The next day as I left for work, I stopped dead in my tracks because right there, at the bottom of the back steps, was a perfect robot. Jack had envisioned a robot from a square piece of board and over the course of half a day had assembled all the materials he needed, and he had created it. I was amazed. It had looked like a junky piece of board covered with glue and odds and ends the day before, but Jack knew what he was doing. He had created a perfect robot.
The robot lay at the bottom of the back steps for four days until it rained. Then the pieces were gathered up, and it went to the junkyard in the sky. Jack’s robot couldn’t be played with or hung on the wall. So, the question I ask you is, “Was it a waste of materials for Jack to build the robot?” My answer would be a resounding “No!”
The boat had an obvious use, but the robot seemed useless. However, in both cases, the child had to conceive an idea. They had to determine what materials they needed to bring their idea to fruition. Next, they had to take the initiative to gather the materials and organize them in order to bring their vision to life.
In both cases, since I was somewhat involved and observed the process, those kids had to problem-solve to make things work out. They worked independently, for the most part, trusting they could figure it out and get the job done. At the same time, they had to determine when they needed to ask for help, and exactly what help they needed.
In Jack’s case, he had to figure out how to get the job done with two younger siblings getting in the way. Yelling or hitting wasn’t an option. He had to use diplomacy. In both cases, the child was able to look at the finished product and beam from ear to ear because they knew they had done a spectacular job. They both felt proud for many days. Their belief in themselves was stronger and their ability to do increased.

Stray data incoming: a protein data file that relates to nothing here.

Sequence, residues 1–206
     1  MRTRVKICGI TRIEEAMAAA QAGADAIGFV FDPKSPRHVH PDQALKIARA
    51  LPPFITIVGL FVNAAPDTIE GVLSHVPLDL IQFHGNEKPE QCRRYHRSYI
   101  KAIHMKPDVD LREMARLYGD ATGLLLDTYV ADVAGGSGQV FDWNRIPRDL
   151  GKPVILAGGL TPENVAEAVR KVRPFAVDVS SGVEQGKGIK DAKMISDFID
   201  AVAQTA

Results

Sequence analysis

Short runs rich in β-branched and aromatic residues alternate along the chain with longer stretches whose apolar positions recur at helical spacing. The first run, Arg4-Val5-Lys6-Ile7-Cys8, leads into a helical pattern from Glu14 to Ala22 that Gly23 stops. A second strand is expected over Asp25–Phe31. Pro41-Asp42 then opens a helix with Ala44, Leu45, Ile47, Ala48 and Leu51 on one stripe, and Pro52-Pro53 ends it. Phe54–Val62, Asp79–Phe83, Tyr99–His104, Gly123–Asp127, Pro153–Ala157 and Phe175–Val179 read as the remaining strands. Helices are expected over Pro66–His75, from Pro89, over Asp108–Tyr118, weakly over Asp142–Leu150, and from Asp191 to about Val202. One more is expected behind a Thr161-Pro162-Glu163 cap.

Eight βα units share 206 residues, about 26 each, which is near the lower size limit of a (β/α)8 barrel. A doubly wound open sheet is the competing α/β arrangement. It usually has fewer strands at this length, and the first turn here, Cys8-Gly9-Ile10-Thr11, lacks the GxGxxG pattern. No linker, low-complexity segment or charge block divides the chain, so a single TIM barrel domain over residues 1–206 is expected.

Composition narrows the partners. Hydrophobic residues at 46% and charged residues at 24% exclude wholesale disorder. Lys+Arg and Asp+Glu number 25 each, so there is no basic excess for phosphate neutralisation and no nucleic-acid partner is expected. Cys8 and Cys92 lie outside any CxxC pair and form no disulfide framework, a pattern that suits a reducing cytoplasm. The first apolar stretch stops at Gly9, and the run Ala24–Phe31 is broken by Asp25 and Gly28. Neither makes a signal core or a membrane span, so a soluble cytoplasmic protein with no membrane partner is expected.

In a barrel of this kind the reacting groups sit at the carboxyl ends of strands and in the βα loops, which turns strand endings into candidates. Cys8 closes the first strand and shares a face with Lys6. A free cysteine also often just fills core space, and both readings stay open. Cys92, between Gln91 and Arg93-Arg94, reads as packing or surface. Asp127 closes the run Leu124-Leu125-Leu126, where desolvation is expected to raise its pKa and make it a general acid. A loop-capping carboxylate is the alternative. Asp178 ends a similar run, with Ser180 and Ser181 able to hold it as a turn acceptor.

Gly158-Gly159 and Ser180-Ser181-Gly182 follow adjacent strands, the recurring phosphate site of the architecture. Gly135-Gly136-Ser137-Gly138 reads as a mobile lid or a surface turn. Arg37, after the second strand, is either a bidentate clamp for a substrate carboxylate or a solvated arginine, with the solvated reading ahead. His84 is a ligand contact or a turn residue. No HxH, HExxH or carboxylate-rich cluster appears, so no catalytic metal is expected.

When I look at the results from the use of the materials in both cases, I think those materials were used perfectly. They accomplished what paint, glue, junk, brushes, rubber bands, scissors, pencils, pens, and all the rest were designed for—to help people problem solve and create. The use of the materials assisted these children in feeling more capable and able than when they began; to feel the pride of having done something that mattered to them.
If I’d been more involved, or if I’d been worried about how the materials were used, we could have saved paint, glue, tape, and so on, and we would have had less mess. But I hope you can see that what the children experienced would have been far different.
The Value of Using Supplies and Making a Mess
As adults, we do have to pay attention to the use of supplies because children need some guidance, but we should worry less about waste. Think instead of what they gain by creating on their own:
• Increased vision
• The ability to bring the vision to life
• The ability to gather what’s needed
• The ability to problem solve
• The ability to work independently
• Learning when to ask for help and what help they need
• Learning to work well with others
• Developing leadership skills and attitudes
• Learning to use diplomacy
If you decide to see your children’s projects differently—how they feel to your child and what the process of creating is teaching them— you can better evaluate the right use of materials. You’ll be able to let it be about them and not you. Couldn’t we use a few more adults who aren’t afraid to turn their dreams into reality because they spent their childhood doing it?